As many of you will know, for the last 9 months or so I have been getting back to an old passion – athletics. Sprints and Jumps specifically.
And it is now officially the end of the athletics season and my 90+ year old coach (yes, really) has given us 3 weeks off.
So it’s a good time to reflect. So it will be a self-indulgent post but many of you have told me that you enjoy hearing about this aspect of my fitness (OK maybe it was just one person!)
Just as a quick background, I used to train athletics in my teens and twenties. And I was pretty good at it – national champion, national records and so on. A back injury forced me to stop and then, while I was thinking what to do about it, life happened. And so I never went back. This was one of my big regrets!
Many of you will know I’m a firm believer of keeping training records. So of course I have some pretty good data on which to assess my performance this year. A few things stand out:
- I underestimated how battered my body would be after each training session. Although I’m pretty ‘fit’, I hadn’t really trained explosive, all-out running for yonks. And as my lovely clients will attest, I spent most of the winter in agony!
- Having said that, I escaped any major problem and was able to more or less consistently over the year.
- I overestimated what I thought my performances would be. In the end I got a 4.27 in the long jump and 14.1 in the 100m. And whilst I’m satisfied with these, it’s a far cry from what I wanted or hoped to achieve (5.00 in the long jump and 13.2ish in the 100m. And milllllllleeeees away from what I achieved at my best: 6.00 ish metres in the long and 12.5ish in the 100m. I think it’s fair to say those days are gone!!
But there are some good lessons to be had from this experience.
- Your body takes time to recover. If you’re working out at a high level of intensity, as in sprinting at 90% effort, you don’t need any more than 3 hard sessions per week. Anything else (assuming my readers are predominantly busy women, aged 30 something and above) could lead to injury and / or overtraining. So if you feel you need to do more, make sure it’s not too intense. Swimming, easy runs or some cross training like tennis are great options.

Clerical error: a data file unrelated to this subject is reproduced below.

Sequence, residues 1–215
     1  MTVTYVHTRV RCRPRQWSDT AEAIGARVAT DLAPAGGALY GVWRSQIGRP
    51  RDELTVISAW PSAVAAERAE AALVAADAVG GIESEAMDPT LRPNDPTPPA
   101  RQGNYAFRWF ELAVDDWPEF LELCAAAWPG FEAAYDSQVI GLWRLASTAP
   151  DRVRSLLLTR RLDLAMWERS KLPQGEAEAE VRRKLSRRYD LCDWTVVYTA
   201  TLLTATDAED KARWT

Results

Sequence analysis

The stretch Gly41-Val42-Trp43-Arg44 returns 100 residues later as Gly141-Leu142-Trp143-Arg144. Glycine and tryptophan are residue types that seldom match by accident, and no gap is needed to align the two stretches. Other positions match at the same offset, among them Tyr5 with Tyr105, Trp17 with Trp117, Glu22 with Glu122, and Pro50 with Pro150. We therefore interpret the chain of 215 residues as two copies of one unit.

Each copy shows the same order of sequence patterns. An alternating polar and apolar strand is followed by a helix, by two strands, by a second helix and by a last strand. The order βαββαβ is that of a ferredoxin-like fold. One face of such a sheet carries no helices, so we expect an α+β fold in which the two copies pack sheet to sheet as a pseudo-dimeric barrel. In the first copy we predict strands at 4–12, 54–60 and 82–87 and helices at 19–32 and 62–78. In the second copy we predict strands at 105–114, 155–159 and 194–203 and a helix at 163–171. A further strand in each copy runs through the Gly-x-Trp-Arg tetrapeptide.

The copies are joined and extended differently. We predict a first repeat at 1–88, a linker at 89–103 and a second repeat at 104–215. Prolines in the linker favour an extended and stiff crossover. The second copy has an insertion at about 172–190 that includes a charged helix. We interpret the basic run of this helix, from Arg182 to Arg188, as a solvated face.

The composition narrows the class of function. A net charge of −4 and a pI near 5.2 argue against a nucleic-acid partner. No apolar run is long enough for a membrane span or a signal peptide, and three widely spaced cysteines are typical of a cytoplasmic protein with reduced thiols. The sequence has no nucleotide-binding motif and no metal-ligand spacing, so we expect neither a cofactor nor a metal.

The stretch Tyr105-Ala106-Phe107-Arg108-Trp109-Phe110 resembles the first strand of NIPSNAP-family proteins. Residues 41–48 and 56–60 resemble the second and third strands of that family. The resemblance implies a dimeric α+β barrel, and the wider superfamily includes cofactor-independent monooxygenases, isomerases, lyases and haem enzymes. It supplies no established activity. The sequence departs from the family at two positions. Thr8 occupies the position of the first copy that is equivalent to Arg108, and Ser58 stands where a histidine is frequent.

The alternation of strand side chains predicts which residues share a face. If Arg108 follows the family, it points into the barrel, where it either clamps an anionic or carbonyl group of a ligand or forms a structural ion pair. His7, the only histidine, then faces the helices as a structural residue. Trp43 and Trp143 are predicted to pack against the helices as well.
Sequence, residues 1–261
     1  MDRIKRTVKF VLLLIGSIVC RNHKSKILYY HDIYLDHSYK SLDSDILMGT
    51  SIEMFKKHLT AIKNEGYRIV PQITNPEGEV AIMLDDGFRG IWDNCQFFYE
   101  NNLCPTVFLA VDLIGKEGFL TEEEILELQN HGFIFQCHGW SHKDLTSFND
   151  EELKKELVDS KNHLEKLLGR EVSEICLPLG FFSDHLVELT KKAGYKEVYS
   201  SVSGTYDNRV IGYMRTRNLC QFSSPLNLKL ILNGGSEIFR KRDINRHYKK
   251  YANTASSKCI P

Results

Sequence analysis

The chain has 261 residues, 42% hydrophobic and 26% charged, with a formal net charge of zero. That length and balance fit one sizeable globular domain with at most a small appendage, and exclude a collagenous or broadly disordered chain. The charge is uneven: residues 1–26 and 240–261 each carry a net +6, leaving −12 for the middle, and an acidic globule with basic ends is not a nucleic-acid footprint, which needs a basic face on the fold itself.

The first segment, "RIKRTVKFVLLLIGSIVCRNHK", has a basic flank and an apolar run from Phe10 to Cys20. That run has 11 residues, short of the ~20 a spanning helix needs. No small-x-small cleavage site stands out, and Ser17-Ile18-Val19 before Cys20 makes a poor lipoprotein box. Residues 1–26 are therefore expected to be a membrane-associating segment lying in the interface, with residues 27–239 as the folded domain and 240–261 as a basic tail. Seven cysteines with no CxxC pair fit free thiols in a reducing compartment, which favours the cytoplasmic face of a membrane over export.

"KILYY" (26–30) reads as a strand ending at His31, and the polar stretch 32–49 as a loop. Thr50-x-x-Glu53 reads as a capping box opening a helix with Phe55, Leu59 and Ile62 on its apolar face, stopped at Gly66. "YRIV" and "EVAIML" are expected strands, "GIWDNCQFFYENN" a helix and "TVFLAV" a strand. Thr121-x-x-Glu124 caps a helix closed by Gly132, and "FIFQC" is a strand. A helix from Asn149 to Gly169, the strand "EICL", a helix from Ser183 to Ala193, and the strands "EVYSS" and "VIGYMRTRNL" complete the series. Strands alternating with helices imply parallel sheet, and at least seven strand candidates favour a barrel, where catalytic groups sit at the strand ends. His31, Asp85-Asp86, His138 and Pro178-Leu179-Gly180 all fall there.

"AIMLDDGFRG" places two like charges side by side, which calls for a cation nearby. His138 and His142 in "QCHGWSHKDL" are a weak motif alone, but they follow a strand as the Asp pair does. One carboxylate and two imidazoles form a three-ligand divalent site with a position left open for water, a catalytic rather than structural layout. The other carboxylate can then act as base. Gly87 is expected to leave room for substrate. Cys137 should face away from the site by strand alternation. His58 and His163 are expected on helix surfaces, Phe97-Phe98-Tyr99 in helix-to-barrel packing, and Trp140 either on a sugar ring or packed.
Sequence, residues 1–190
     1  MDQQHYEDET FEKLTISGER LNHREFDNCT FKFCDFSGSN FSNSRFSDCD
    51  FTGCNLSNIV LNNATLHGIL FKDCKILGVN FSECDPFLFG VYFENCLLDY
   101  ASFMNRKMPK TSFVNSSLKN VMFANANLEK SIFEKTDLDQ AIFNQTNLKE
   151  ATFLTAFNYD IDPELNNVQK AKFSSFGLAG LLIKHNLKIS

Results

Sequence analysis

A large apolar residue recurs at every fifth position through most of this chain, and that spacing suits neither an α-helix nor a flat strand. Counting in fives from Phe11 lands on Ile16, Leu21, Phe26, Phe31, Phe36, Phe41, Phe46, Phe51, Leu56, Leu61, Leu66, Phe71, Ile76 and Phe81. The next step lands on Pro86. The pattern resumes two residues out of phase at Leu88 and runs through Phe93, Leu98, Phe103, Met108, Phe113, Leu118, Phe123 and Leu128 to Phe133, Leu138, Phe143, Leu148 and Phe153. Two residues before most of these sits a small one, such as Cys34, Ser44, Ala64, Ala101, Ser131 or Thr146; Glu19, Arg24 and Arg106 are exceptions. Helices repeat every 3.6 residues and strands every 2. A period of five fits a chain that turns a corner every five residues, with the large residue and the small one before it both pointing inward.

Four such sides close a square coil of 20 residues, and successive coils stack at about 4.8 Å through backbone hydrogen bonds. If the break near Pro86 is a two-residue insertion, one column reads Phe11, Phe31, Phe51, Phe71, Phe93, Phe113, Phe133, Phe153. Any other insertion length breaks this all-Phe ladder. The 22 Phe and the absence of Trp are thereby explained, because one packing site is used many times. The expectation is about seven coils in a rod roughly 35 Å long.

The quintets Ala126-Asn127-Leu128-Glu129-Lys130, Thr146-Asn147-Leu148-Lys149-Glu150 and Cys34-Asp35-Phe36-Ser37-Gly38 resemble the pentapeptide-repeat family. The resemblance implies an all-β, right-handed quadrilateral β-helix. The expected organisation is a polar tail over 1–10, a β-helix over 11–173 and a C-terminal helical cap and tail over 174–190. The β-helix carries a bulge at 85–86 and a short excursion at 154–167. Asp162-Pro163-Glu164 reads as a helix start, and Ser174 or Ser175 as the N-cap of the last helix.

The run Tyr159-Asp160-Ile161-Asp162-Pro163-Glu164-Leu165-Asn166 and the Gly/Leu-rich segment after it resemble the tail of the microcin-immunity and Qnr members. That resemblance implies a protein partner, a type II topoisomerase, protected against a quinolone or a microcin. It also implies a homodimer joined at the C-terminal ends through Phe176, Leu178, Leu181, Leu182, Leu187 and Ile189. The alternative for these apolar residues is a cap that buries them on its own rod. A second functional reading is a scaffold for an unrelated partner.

- Set realistic goals. All too often we set unrealistic targets – in my case they were targets based on wishful thinking. But I hear many of you who say “Right, that’s it I’m gonna workout 5 times a week” and then feel deflated when it doesn’t last…
- Mix it up… After a few years of middle distance running and gym / kettlebell work, it was a huge shock to the system to go to sprints and Olympic lifting. And apart from this being great for your body, it’s also great for your psyche. As every week or month saw new bests, improvements and achievements…
- Keep records. These are invaluable in tracking your progress. My first training session I ran 100m in 17.5 seconds. By tracking and monitoring I was able to see exactly when I was making progress. This is so key to your motivations when it’s cold and miserable outside and your head is telling you to stay inside in the warmth!
- Find what works. This is the other reason for keeping records. With the benefit of a years training I now know that:??
- Running the bend aggravates my shin splints.
- Training twice a week is not enough (funny that!)
- A hill sprint session leads to faster times on the track, almost immediately!
- New shoes doesn’t lead to faster times on the track (No, what?!? More tests required on that one!)
- Find someone to hold you accountable. The biggest change for me, after years of training on my own, was joining a group of like-minded persons. It makes it fun and enjoyable. It makes it harder to bail because of weather or because you don’t feel like it. It means you fix a slot in your diary that says Training @9:30. Rather than a vague promise to yourself that you’ll workout. At some point. During the week… Maybe…
And in this respect I’m pleased to announce an new thing we’re gonna kick off next week, over on the Facebook Group. Very simple: every Sunday night I will write a post asking you all what you’re going to commit to for the week. It needs to be one thing. And it needs to be based on Behaviours not Outcomes. So I will eat a portion of greens every day is a behaviour we can control. I will lose weight is an outcome (which is in some way dependent on our behaviours but not necessarily in a strict or singular relationship).
Next Sunday I’ll post back asking you how you all did! So , I’m hoping to see lots of action there.